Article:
Thread: Using pointer address as a value

  1. #1
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    Using pointer address as a value

    Say I have
    Code:
    void *var_ptr;
    I can initialize it with some address
    Code:
    var_ptr = (int *) 100;
    and use the address as a value in math expressions
    Code:
    int val1, val2 = 5;
    val1 = val2 + (int)var_ptr ;
    Right? Is it gonna cause a problem in the program?

  2. #2
    and the hat of int overfl Salem's Avatar
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    What are you really trying to do?

    You can mash your way through anything with sufficient amounts of casting.
    If you dance barefoot on the broken glass of undefined behaviour, you've got to expect the occasional cut.
    If at first you don't succeed, try writing your phone number on the exam paper.

  3. #3
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    Quote Originally Posted by Salem View Post
    What are you really trying to do?

    You can mash your way through anything with sufficient amounts of casting.
    I 'm very short on space.
    So instead allocating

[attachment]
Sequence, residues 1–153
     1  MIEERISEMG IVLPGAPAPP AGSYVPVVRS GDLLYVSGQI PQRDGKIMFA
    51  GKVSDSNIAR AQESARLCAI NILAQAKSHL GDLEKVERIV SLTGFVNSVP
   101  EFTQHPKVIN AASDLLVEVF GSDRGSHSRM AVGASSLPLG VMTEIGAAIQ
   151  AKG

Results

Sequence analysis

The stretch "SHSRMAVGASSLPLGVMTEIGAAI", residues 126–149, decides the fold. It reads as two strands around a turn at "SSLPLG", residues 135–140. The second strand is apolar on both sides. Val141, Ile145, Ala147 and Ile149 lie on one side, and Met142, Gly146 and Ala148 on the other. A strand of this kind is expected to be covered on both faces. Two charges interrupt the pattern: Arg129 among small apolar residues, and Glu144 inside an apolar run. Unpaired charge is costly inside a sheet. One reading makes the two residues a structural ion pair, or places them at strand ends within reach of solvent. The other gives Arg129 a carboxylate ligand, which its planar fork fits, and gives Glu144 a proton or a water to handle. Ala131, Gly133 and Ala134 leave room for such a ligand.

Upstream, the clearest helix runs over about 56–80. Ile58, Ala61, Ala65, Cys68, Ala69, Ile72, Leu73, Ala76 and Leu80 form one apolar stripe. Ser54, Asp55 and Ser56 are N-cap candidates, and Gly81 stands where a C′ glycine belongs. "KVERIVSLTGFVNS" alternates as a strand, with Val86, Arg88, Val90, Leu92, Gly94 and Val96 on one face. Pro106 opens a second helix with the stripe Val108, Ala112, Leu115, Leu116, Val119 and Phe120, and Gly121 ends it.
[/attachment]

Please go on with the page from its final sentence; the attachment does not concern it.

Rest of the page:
Code:
    typedef struct 
    {
        void *ptr;
        int val;
    }
    I can allocate only
    Code:
    typedef struct 
    {
        void *ptr;
    }
    And use a pointer address as a value.

  4. #4
    and the hat of int overfl Salem's Avatar
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    Are ints and pointers the same size on your machine?

    If you want to make sure your ints can hold a pointer, then use an intptr_t.
    Fixed width integer types (since C99) - cppreference.com

    Perhaps a union, if you're just trying to economise on space.
    Code:
    typedef union
    {
        void *ptr;
        int val;
    } int_or_ptr_t;
    You can store either an int or a pointer.
    If you dance barefoot on the broken glass of undefined behaviour, you've got to expect the occasional cut.
    If at first you don't succeed, try writing your phone number on the exam paper.

  5. #5